Let’s start with the facts.
Francisco Lindor has a .238 batting average for the Mets, a team for which he has played 220 games heading into this week’s subway series with the crosstown Yankees. His .741 OPS with the Mets is significantly lower than his .833 over six years with Cleveland. He’s striking out more than ever, hitting fewer line drives, and, in his year and change with the Mets, is more than 50 points below his career average.
What he is doing is also brilliant in calculating statistics. As of Tuesday morning, his 66 RBI ranks sixth in Major League Baseball. He has 16 home runs, the second most of any National League shortstop. Lindor is one of only 10 players to reach 15 homers and 10 stolen bases so far this season. By Wins Above Replacement — which is also a count — is the Mets’ shortstop 10th most valuable player in NL.
So why does it feel like the Mets, their fans, their front office, and Lindor himself are still waiting for him to recapture the form he showed in the first six years of his illustrious career? Why does it seem like the return on investment hasn’t happened yet?
For one thing, a 10-year, $341 million contract is a pretty impossible standard. But at the same time, his first year in Flushing ended very unceremoniously, as the Mets went 29-45 after the All-Star break and Lindor missed much of July and August with an injury. , he has yet to have his big Mets moment. Yet.
The closest thing to a prime-time home game on September 12, 2021 was a three-homer game. Playing the same team he would face on Tuesday and Wednesday, Lindor retired three different Yankee pitchers, collecting dingers from both sides of the plate as the final homer of the night put the Mets ahead for good in the bottom of the eighth. , and also turned Citi Field into a madhouse, with fans jumping the dugout and waving the Puerto Rican flag as Lindor made his way around the bases.
The win, cool as it was, only brought the Mets to 72-72. This year’s first installment of the Subway Series gives Lindor another chance to impress the Yankees, but also leave an impact on more meaningful games. After this riveting, four-hour affair, Mets manager Luis Rojas (now on the other side, officiating). Third base coach for the Yankees), a prediction.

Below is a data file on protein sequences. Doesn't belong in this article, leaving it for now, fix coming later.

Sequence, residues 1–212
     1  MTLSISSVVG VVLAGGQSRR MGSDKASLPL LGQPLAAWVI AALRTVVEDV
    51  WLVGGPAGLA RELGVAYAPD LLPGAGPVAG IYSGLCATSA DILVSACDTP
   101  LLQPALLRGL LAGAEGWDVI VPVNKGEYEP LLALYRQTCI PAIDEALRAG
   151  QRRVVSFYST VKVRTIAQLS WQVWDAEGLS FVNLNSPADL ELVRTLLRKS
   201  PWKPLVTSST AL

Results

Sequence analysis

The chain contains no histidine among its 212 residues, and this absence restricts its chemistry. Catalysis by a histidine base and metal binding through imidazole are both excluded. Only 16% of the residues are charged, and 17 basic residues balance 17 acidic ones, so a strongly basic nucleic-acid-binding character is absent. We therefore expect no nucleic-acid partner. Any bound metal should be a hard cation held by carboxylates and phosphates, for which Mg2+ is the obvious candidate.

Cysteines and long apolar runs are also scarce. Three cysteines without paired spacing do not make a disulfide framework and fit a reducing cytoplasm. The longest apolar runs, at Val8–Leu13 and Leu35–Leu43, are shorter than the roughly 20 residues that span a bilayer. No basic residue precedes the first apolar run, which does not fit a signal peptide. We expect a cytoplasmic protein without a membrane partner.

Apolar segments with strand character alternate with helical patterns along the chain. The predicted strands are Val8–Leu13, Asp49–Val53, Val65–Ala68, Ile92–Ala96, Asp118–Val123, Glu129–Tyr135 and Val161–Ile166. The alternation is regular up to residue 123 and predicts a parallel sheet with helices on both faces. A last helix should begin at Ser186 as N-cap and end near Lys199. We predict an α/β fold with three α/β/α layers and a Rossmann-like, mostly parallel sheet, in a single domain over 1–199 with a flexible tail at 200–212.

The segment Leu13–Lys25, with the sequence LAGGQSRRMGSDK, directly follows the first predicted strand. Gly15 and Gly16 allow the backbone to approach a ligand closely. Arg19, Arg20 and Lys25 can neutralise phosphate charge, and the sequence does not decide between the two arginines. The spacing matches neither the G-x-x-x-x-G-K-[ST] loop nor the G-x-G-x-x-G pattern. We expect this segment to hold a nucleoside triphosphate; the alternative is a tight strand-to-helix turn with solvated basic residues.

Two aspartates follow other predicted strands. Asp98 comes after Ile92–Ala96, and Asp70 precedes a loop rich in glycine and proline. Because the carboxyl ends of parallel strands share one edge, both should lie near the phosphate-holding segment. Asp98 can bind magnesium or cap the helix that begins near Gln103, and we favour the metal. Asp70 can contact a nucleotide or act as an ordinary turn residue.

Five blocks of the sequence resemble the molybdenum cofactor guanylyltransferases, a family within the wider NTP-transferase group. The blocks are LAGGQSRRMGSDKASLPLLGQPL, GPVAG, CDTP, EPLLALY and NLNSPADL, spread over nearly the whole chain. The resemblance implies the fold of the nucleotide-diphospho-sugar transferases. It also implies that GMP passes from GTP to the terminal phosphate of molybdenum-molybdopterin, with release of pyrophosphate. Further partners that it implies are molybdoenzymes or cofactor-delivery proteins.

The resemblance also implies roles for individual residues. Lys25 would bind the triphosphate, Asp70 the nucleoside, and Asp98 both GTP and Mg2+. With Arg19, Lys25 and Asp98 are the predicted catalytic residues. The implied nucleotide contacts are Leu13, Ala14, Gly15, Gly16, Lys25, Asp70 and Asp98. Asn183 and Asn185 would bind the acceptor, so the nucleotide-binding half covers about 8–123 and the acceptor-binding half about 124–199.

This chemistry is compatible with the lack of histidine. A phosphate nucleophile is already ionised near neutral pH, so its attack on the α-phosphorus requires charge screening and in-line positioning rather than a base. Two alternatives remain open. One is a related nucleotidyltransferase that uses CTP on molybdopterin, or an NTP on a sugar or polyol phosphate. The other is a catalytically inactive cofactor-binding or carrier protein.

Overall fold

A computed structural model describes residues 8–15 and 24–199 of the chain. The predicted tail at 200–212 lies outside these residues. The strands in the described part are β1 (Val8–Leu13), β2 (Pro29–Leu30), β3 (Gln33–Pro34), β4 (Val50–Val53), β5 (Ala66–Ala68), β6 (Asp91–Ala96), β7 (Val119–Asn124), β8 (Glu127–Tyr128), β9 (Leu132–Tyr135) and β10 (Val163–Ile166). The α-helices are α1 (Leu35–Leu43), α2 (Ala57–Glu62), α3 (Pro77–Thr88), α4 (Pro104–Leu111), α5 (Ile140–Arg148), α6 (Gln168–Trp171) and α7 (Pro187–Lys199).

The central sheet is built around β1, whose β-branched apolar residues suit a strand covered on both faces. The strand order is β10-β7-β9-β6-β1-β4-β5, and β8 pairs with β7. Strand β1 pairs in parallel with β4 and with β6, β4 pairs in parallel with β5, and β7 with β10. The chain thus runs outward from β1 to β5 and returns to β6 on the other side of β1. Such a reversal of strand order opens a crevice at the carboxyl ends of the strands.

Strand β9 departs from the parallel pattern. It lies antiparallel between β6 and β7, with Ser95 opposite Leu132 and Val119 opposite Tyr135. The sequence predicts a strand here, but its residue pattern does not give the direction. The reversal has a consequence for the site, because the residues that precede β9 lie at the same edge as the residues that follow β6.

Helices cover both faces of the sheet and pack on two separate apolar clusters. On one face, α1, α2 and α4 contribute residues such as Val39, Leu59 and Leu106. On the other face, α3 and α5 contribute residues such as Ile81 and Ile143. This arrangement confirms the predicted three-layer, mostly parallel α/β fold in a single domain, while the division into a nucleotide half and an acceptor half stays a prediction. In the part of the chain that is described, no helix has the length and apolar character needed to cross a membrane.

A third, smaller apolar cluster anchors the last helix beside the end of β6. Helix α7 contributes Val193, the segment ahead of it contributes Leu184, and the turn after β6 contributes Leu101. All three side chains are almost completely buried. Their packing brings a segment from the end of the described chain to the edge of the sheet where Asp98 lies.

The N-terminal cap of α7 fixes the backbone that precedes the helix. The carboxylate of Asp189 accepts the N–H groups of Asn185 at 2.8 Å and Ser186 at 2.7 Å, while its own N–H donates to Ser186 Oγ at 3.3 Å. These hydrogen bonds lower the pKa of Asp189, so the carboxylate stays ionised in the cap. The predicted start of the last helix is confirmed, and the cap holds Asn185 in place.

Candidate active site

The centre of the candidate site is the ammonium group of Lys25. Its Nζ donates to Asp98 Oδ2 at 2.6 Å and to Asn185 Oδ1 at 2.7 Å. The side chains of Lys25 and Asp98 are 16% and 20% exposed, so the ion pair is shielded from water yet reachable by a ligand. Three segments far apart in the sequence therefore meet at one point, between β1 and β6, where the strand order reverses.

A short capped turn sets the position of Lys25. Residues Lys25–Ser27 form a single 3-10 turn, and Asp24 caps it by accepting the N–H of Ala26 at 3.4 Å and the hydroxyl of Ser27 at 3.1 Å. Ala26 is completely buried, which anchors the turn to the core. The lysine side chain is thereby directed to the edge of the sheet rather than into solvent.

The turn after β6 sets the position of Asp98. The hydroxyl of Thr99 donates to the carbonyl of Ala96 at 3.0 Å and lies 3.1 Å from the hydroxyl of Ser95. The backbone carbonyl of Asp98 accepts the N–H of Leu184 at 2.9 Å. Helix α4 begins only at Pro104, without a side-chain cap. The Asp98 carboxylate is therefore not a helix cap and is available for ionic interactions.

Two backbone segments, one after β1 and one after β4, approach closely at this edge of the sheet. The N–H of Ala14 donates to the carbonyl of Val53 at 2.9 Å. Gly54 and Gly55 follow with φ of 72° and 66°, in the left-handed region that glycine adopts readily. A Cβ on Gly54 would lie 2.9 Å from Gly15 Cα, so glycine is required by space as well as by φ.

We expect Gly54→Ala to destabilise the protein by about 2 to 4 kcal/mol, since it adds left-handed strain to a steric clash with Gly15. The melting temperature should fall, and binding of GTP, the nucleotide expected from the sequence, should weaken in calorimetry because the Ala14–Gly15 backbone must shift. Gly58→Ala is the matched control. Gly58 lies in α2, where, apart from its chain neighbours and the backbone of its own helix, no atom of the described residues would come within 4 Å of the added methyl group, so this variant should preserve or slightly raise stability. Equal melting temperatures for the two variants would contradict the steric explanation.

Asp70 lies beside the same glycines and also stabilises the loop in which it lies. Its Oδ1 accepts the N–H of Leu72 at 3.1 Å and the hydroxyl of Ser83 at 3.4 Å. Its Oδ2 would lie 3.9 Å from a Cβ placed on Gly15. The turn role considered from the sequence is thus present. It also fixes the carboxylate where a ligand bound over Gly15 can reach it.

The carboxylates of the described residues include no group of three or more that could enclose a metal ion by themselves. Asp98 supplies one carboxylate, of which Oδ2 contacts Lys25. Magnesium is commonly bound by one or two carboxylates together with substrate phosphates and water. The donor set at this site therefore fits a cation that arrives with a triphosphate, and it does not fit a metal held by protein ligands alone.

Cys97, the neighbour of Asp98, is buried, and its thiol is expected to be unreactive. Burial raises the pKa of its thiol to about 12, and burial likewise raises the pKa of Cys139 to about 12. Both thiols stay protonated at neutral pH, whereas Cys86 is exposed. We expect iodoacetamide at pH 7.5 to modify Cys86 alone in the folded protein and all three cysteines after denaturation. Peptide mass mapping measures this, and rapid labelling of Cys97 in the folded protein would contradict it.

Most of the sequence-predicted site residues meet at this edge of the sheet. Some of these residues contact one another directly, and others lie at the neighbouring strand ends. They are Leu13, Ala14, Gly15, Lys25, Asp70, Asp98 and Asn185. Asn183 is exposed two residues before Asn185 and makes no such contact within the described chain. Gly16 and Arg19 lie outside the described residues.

“This is the Francisco that we’ve all come to expect, and this is the Francisco that Mets fans are going to see for years.” Rosas said in shock.
“He had a great performance,” added Yankees captain Aaron Boone. “A great player ended a great night and that was the difference in the end.” These games are huge, so when you lose them, it stings, and when you win, it’s great.”
This sentiment will surely be righted again for the next couple of days. It may sound silly to understate the importance of a two-game interleague series in July, but for everyone on the field, these games will be important. While New York City bragging rights are always fun, both teams also need some wins to feel themselves again.
The Mets are fresh off a series loss to the Padres in which their bat shut out the first two and a half games, adding to the chatter about their need at the trade deadline. The Yankees are 5-8 in their last 13 games and are losing relievers left and right to injury. Someone has to rise up and make this game about them, do something that sparks a rally and snatches victory from the jaws of defeat.
Lindor is a perfect candidate for that, and if 2022 goes the Mets’ way, his performance during the Subway Series will probably go down as one of the best opening acts on tour.